A doctorate in History (Ph.D.) is required to teach in a college or university and to have the best opportunities for the highest-ranking positions in large museums, archives, and in other professional positions requiring extensive knowledge of history. The average time spent earning a Ph.D. beyond the B.A. is eight years. It is a long-term committment and there is no guarantee that it will result in a permanent full-time position upon graduation.
Students in Ph.D. programs specialize in one area of history, such as modern Europe, Latin America, or recent United States. The largest portion of classes taken are in history. Reading knowledge of one or more foreign languages is required, depending on your specialty. The final requirement is generally a disseration--a book-length piece of original research on a specific historical problem.
There are only about 100 universities in the United States that offer reputable Ph.D. programs. Admission is very competititive and is generally made by the department, rather than the graduate school or university. Generally, graduate admission committees desire applicants with a minimum 3.0 overall GPA and a 3.5 GPA in upper level history courses (or in a related major), GRE scores in the top 50th percentile, and good writing skills. Also required are excellent recommendations from professors who have had you in several classes and at least one significant writing sample.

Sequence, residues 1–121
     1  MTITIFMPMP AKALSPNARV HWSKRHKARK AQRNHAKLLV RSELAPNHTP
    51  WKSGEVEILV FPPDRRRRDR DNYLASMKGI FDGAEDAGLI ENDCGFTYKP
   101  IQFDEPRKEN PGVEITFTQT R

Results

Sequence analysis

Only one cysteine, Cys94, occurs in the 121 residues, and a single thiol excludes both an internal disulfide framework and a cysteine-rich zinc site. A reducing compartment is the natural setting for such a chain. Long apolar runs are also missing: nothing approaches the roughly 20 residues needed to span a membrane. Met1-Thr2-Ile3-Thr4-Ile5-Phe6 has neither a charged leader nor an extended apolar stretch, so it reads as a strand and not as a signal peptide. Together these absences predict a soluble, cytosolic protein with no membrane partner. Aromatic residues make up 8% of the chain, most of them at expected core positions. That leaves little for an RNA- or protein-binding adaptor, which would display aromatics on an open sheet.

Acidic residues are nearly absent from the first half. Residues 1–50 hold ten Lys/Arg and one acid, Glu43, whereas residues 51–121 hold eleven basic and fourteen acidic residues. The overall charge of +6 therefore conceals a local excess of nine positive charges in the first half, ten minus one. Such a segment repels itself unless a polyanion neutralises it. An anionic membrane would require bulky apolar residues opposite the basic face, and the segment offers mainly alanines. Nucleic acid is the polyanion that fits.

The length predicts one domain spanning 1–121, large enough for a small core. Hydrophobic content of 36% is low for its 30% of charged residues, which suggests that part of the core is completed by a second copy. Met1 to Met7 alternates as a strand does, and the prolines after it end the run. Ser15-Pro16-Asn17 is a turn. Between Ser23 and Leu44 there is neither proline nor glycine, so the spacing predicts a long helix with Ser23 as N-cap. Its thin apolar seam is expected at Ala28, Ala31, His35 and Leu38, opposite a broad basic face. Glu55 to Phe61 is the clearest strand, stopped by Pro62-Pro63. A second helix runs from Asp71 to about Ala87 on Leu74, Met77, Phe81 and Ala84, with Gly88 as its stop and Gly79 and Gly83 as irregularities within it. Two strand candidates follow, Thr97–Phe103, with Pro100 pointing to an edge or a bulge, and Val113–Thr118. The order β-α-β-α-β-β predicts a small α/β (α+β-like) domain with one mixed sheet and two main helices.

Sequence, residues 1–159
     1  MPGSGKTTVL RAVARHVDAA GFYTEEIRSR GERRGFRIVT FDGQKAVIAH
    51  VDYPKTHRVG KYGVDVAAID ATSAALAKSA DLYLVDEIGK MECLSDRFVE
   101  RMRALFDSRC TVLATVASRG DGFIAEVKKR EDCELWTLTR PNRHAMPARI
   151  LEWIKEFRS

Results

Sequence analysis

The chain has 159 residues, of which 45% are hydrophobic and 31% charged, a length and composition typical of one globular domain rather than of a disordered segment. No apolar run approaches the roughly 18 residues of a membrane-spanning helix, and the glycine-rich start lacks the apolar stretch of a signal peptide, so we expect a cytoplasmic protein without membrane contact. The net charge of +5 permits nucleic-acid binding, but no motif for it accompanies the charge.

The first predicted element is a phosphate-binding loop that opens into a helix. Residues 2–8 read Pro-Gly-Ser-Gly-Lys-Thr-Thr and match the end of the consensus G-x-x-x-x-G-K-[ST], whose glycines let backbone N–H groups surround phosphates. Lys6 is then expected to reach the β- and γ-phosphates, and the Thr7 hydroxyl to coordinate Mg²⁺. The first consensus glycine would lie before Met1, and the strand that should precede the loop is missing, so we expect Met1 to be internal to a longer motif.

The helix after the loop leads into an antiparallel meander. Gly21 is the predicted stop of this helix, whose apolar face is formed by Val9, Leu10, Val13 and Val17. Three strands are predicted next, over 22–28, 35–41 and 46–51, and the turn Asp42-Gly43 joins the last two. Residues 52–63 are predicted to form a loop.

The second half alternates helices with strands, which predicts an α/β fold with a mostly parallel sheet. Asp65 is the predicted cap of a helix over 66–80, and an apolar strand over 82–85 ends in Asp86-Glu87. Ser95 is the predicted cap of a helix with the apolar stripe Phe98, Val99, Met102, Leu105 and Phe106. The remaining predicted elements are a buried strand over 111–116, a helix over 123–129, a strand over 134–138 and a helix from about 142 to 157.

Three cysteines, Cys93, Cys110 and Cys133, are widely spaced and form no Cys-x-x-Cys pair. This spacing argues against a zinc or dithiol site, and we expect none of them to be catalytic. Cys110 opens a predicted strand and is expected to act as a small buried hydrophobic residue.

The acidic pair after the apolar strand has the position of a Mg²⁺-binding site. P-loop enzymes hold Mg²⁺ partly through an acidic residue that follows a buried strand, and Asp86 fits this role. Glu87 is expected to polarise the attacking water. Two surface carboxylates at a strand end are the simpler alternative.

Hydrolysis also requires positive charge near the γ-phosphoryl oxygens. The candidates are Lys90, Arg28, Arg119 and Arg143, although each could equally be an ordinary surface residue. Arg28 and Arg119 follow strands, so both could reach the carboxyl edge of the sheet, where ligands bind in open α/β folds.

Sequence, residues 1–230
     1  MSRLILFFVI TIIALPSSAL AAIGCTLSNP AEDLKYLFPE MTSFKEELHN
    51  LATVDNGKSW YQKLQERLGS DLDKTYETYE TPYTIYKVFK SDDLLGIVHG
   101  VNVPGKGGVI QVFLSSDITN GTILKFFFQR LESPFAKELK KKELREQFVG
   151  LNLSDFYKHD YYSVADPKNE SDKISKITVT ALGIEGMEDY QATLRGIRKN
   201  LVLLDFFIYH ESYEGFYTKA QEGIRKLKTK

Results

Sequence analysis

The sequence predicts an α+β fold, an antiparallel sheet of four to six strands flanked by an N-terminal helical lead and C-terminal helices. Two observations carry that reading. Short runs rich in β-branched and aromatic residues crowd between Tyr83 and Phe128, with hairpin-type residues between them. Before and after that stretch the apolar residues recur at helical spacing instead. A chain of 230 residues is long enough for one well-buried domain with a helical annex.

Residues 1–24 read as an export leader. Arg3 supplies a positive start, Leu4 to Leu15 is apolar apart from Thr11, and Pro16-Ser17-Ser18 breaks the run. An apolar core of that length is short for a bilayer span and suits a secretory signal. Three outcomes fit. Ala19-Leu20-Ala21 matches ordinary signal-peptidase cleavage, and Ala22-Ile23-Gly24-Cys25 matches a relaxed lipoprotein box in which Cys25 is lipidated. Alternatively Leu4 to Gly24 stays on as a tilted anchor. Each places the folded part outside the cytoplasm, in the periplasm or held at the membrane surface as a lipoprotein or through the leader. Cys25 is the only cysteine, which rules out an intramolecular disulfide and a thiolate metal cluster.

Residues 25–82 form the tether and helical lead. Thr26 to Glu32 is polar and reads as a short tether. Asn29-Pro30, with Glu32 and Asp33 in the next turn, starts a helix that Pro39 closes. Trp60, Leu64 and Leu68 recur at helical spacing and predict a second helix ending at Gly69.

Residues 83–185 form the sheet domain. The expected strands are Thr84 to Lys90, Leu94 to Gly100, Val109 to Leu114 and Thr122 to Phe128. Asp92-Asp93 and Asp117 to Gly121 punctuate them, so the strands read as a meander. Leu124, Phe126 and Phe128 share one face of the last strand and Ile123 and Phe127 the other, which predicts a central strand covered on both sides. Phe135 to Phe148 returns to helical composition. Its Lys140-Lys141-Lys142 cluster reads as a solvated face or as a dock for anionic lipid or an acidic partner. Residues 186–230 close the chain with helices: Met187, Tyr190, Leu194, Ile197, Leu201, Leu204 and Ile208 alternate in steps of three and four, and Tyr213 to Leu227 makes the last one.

The following ranking is based on the 740-page study by the National Research Council, Research-Doctorate Programs in the United States: Continuity and Change (1995). It ranks 111 PhD-granting graduate programs in history by scholarly quality of the faculty and effectiveness in educating research scholars. These assessments were made by nearly 8,000 graduate-program faculty members in 1993. The rankings represent an over-all assessment of each program based on reputation alone. The criteria may not represent what is most important to you in choosing a graduate school. Top-ranked programs are likely to offer a wide variety of specialties (such as Colonial American, Modern Chinese, or Latin American history), but some programs not highly ranked overall may excel in specific areas. You must do further research to determine which programs best suit your needs.
The University of Illinois Library maintains an extensive site with information about graduate school rankings and other information about choosing an appropriate program.
General advice about applying to graduate school can be found at the Tech Publishing site http://www.gradschooltips.com.
Eastern Connecticut State University History graduates have recently been accepted into programs listed in dark blue. If you know of any others, please send me an email note with particulars at the address below.